When we come together as a team, whether instinctively or out of habit, we tend to gravitate to natural roles that we find comfortable, whether as contributors or listeners, active participants or passive observers, leaders or supporting cast. Depending on the group, there can be lots in play at once, but we tend to overlook the dynamics.
Consider an improv comedy troupe performing live, or a band working out tracks in a recording studio. What’s really happening? Can we tease out more explicit roles that influence our collaborative results? I think we can. Too often we don’t put thought into the kinds of participation we really need. We discussed this last fall in our KM World W5 work session and explored the dynamics still further here in Charlotte at our QCF “New Thinking” workshop (slides).
Let’s keep the exploration going.
The #CDNA Crew has launched a new series MONDAYs at 8pET on Key Roles in Collaboration. It’s the focus of Chapter 14 in The DNA of Collaboration (in softcover or Kindle on Amazon) and it’s almost always a conversation that strikes a chord.
In the weeks ahead, we’ll attack these roles, one by one, to see what we might learn:
- Q1. Catalyst. In what ways can we spark new thinking in our discussions?
- Q2. Connector. What happens when we connect ideas during a collaborative session or chat? And to make this happen more, what are: (a.) key initial conditions? (b.) supporting behaviors? (c.) times they add most value? (d.) situations when their role is most important?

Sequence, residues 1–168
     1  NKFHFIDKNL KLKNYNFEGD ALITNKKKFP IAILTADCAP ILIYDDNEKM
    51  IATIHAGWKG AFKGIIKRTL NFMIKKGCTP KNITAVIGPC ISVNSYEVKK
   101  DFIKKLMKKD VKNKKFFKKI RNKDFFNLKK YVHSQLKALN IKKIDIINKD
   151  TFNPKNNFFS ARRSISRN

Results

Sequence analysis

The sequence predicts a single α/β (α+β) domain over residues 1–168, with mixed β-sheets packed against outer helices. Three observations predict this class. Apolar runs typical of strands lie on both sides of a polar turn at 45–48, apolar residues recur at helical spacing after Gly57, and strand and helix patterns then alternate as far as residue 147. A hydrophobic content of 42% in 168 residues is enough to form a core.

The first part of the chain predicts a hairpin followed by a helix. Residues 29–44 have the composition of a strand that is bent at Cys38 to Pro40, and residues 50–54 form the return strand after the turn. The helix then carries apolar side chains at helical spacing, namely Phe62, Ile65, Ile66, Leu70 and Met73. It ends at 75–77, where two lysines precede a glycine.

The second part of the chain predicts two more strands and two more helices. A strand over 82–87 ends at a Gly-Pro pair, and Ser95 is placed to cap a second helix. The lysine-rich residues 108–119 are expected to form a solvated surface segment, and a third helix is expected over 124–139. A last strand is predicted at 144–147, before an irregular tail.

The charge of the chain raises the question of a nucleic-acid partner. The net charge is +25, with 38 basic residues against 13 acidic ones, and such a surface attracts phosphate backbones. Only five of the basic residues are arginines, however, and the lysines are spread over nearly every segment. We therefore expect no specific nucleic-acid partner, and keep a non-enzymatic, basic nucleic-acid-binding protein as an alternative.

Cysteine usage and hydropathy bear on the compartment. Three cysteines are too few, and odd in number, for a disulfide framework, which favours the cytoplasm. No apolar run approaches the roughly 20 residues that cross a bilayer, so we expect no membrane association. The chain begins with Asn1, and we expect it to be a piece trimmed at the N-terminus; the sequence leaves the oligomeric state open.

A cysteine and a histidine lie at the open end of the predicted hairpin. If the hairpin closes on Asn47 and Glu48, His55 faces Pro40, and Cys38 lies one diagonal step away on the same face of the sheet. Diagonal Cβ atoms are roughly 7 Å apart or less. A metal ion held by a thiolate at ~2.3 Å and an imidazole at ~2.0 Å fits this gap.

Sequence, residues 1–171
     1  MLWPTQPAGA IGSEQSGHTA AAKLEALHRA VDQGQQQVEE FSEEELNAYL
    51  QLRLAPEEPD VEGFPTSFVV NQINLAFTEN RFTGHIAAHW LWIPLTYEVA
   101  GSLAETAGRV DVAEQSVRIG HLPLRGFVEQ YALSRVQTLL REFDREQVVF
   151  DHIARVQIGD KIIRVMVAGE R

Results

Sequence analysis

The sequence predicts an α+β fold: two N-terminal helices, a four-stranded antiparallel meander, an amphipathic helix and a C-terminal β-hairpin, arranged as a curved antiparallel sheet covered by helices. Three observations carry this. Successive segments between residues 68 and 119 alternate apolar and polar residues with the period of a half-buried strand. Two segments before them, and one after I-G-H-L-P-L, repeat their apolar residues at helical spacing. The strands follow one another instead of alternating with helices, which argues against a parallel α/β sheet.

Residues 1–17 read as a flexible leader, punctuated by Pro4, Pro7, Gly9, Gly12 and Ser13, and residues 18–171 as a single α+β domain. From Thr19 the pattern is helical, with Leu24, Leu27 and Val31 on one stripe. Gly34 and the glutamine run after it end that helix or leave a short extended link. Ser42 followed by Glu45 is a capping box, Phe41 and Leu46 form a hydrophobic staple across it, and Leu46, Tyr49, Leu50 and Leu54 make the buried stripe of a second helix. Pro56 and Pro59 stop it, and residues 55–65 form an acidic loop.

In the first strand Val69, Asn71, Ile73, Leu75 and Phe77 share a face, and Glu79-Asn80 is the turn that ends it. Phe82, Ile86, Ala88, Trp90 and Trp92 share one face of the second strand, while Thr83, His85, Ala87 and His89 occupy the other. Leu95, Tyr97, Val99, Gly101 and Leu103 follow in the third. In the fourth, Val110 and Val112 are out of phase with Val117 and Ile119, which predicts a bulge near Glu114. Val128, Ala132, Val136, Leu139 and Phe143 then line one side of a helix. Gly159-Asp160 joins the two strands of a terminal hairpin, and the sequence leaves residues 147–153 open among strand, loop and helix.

- Q3. Aggregator/Curator. Often this means lots of work. How can we make the capture/takeaways of ideas more interesting?
- Q4. Moderator/Planner. What skills make these leadership role effective?
- Q5. Analyst. How do we make time for facts, data, and critical thinking?
- Q6. Challenger. Can we take issue in constructive ways, without coming across as a naysayer?
- Q7. Designer. What is the potential for truly creative thinking? Does a meeting afford enough “white space” for this?
- Q8. Historian/Researcher. How can these important activities happen in real time?
- Q9. Referee. Is there a place for (simple) rules, and how do we ensure healthy boundaries?
- Q10. Practitioner. What’s the best way to engage the hands-on folks that practice what’s being discussed?
- Q11. Expert/SME. These folks often kill collaboration with the weight of their knowledge; how can this be avoided?
- Q12. Did we leave out any roles? If so, which ones, and why?
I’ll be posting takeaways as comments to this post, but I’d really appreciate it if you’d do the same. The value is in our diverse perspectives ..
Again, hope to see you guys for the conversation MONDAYs 8pET using hash tag #cdna .. many folks use Tweetchat (link). See you there. What role will you play?
Chris aka @sourcepov